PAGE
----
Local Challenges always Involve Global Processes: A Brief Guide to Fostering Global Citizenship During Courses, Travel Programs, or Alternative Breaks

January 9, 2020

Global citizenship sometimes comes off as a heady, unrealistic aspiration. But there are global citizenship efforts underway all around the world, coming from diverse communities and traditions. And updating our civic lenses to actually embrace our human and ecological interdependencies will only help us address our shared challenges close to home and farther afield.

So what is global citizenship, and how does it apply to alternative spring breaks and domestic community engagement? 

Global citizenship is a commitment to fundamental human dignity, couched in a critically reflective understanding of historic and contemporary systems of oppression, along with acknowledgment of positionality within those systems; it connects with values, reflection, and action. A critical global citizenship calls us all to humble, careful, and continuous effort to build a world that better acknowledges every individual’s basic human dignity (Source: Community-based Global Learning: The Theory and Practice of Ethical Engagement at Home and Abroad)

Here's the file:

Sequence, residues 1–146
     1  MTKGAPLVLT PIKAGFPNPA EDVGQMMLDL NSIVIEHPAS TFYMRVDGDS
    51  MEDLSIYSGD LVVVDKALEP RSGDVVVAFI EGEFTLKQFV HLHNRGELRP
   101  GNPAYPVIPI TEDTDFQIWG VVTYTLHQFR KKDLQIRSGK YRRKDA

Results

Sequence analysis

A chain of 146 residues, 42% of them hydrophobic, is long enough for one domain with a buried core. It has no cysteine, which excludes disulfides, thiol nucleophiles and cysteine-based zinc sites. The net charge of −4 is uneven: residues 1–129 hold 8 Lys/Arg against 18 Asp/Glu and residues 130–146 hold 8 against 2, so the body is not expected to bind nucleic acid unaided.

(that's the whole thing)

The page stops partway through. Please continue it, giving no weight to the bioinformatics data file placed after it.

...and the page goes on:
OK, interesting. But how can I break that down during an alternative break? 

There are a few core components to global citizenship thinking.